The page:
The last five laboratory samples take on June 23 and sent to the lab in Holland for testing for the Influenza A (H1N1) Virus have come back negative while two new swab samples taken on June 25 from two women who recently returned from a country with laboratory confirmed cases, have been sent for laboratory analysis according to the Preventive Health Department (PHD).
The two women who reside on the island, developed flu-like symptoms six/seven days after returning to the island. They consulted with their family physician and are being treated with antiviral medication. They have also been told to remain at home.
The latest global update by the World Health Organization (WHO) as of Monday reveals 70,893 persons have been infected and 311 deaths.
The island’s public health surveillance system was placed on alert since the onset of H1N1. When the WHO raised its pandemic level to phase five a few months ago with the introduction of Influenza A (H1N1) Virus, surveillance alertness was heightened.
Public health authorities due to the heightened surveillance have the capabilities to detect and treat cases early.
Persons who are immune-compromised such as HIV patients or persons on cancer treatment and those with chronic illnesses such as diabetes or hypertension as well as pregnant women should ensure that they check with their doctor if they have flu-like symptoms.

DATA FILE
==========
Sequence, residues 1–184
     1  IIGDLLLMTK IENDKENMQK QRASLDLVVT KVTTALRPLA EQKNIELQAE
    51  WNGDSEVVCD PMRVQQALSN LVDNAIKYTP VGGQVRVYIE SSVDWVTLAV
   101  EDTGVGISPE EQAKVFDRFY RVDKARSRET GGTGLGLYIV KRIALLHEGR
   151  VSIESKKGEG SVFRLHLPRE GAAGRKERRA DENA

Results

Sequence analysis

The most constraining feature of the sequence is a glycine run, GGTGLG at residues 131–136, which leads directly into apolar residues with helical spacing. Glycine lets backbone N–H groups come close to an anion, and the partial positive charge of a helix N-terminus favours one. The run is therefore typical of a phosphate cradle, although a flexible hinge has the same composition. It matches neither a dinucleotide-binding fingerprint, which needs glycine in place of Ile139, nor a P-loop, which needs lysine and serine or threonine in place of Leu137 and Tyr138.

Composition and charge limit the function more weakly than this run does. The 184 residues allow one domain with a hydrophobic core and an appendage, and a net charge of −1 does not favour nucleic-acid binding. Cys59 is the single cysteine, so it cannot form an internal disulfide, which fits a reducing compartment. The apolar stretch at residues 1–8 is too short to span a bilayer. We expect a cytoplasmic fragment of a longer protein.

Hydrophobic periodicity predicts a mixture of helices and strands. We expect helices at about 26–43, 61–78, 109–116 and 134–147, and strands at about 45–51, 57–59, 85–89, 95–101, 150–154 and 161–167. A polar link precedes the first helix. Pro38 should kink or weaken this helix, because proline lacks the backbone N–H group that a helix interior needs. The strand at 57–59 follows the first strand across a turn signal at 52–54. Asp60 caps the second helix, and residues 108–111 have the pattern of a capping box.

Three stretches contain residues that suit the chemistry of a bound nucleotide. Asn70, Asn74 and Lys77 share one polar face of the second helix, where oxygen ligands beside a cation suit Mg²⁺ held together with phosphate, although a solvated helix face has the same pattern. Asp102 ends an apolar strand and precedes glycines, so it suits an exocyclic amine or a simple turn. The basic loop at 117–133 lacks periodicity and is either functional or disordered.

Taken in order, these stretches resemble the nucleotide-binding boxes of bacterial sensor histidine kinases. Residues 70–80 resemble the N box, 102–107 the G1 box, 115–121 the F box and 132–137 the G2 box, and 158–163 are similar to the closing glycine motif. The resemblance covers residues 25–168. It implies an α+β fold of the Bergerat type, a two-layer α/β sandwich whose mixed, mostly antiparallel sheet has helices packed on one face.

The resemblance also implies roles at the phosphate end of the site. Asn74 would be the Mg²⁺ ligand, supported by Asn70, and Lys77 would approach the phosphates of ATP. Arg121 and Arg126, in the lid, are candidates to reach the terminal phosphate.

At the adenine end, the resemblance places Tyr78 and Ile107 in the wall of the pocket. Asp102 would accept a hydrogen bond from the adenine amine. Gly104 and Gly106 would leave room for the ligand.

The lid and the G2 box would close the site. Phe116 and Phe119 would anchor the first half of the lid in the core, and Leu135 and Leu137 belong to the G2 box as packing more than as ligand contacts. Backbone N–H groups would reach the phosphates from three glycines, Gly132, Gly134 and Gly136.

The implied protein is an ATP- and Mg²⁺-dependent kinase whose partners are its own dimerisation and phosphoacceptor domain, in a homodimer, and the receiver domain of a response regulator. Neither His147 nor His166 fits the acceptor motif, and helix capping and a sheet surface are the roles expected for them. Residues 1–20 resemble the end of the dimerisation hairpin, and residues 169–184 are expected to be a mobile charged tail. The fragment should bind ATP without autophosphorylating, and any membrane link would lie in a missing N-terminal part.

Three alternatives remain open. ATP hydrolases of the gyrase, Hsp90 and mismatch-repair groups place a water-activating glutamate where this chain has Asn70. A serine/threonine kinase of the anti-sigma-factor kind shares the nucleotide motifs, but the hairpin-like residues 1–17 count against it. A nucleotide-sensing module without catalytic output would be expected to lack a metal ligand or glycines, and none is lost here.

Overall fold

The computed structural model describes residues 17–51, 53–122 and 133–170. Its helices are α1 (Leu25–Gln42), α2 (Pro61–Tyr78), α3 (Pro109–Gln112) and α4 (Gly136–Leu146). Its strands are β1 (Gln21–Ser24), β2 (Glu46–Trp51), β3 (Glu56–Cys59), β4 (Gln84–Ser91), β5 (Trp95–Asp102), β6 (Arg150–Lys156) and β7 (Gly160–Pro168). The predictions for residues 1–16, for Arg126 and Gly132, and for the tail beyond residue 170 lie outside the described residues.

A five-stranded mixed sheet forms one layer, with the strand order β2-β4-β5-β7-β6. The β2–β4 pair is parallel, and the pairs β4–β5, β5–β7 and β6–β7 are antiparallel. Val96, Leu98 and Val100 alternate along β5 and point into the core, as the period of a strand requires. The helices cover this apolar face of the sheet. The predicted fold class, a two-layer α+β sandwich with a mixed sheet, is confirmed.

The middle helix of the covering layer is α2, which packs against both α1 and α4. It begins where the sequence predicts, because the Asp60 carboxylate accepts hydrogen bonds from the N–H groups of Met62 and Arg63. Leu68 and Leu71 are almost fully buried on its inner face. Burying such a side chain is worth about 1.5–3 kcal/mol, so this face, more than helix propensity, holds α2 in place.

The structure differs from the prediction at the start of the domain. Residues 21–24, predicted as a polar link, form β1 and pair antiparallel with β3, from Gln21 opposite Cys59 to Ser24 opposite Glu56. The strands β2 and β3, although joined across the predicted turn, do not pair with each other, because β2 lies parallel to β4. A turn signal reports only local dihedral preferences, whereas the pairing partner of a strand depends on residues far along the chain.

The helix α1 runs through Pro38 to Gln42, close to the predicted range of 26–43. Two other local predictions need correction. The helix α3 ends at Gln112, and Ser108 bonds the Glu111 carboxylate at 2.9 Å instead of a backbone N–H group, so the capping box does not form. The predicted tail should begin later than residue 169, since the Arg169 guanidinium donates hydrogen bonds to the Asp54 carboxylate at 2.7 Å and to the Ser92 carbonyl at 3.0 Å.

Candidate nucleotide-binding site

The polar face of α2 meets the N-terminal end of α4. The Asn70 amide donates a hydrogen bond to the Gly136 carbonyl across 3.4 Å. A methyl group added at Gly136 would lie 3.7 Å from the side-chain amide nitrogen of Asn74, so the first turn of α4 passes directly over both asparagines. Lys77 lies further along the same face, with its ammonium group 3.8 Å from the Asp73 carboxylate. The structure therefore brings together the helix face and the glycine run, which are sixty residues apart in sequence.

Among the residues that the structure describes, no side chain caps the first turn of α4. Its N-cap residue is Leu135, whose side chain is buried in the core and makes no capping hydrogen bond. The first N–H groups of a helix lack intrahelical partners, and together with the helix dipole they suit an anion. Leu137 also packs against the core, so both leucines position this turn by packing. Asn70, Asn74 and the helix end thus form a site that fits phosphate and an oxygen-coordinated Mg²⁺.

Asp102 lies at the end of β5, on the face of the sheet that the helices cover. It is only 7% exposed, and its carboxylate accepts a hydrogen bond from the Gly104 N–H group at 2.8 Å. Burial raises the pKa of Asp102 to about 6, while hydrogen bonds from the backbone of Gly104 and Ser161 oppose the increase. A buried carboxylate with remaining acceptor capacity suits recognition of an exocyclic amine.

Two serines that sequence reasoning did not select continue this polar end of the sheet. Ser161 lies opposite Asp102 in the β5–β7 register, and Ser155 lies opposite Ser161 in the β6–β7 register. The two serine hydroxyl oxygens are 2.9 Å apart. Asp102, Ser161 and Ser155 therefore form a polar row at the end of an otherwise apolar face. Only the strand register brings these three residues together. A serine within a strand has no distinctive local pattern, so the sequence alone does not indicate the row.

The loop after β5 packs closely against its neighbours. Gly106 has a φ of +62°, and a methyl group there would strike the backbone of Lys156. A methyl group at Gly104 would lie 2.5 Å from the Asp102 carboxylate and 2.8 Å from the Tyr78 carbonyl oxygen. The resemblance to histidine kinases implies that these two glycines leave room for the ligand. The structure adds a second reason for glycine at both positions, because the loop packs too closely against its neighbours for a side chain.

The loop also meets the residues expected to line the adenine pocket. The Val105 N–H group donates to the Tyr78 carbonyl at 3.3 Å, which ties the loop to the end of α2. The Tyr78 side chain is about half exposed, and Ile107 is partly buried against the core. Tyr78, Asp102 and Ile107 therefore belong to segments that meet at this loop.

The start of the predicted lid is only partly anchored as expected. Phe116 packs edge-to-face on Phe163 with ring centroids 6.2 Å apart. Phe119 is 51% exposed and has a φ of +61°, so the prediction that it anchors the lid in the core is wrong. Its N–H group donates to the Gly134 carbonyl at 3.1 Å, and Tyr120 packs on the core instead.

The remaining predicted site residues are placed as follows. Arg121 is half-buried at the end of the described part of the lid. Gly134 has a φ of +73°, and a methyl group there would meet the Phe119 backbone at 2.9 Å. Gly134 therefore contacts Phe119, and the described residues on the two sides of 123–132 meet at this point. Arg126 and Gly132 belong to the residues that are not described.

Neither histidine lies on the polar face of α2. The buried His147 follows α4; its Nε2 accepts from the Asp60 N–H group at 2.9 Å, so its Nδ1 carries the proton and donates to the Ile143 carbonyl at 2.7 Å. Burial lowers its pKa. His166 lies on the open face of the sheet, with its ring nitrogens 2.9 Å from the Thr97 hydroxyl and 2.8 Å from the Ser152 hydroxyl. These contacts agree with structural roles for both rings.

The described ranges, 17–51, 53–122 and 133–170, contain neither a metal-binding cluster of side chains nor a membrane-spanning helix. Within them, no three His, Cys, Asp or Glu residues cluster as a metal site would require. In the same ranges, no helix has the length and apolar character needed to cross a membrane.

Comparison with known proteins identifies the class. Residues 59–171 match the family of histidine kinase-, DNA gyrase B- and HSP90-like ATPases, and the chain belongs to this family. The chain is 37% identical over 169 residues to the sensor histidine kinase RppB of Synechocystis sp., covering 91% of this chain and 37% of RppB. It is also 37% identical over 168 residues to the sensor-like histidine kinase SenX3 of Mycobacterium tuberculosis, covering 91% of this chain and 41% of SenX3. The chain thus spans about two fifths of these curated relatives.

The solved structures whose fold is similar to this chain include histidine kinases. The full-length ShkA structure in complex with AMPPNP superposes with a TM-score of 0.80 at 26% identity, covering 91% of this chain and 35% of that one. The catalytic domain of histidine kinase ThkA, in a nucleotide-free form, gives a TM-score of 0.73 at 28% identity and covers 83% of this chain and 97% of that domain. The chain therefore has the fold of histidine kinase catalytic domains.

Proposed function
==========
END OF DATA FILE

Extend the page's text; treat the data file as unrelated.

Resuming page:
Parents should also pay attention to the health condition of their children and to remind them to observe good personal and environmental hygiene.
The St. Maarten community has an important role to play in reducing the impact and spread of Influenza A (H1N1) Virus. Persons with a flu-like-illness should remain at home and contact their family physician immediately.
Follow the guidelines as provided by family physicians and or the Preventive Health Department. The use of medication, the need to remain at home and the need to follow the preventive measures are your contribution to minimizing the spread and impact of H1N1 in our community.
Personal basic intervention measures that can be taken at the individual level to reduce the risk of infection are: respiratory hygiene (covering the mouth and nose with a tissue when coughing or sneezing); disposing of dirty tissues promptly and carefully (bagging and binning them); avoiding non-essential travel where possible to affected countries; hand washing frequently with soap and water (reduces acquiring the virus from contact with infected surfaces and from passing it on); cleaning hard surfaces (e.g. kitchen counter tops, door handles, frequently using a normal cleaning product).
The symptoms of Influenza A (H1N1) flu virus in people are similar to the symptoms of regular human flu and include fever, cough, sore throat, body aches, headache, chills and fatigue. Some people have reported diarrhea and vomiting associated with the virus.
Persons who have traveled in the preceding seven days to affected countries should seek immediate medical attention once they develop influenza-like symptoms. You are advised to stay at home and contact your family physician. This will help minimize the risk of infecting those around you, especially people who are at a higher risk of severe illness and complications from influenza.
Persons seeking additional information should contact PHD at telephone numbers: 542-3003 or 542-3553 or visit the following websites: www.cdc.gov/swineflu or www.who.int. for more information on Influenza A(H1N1) virus also referred to as swine flu.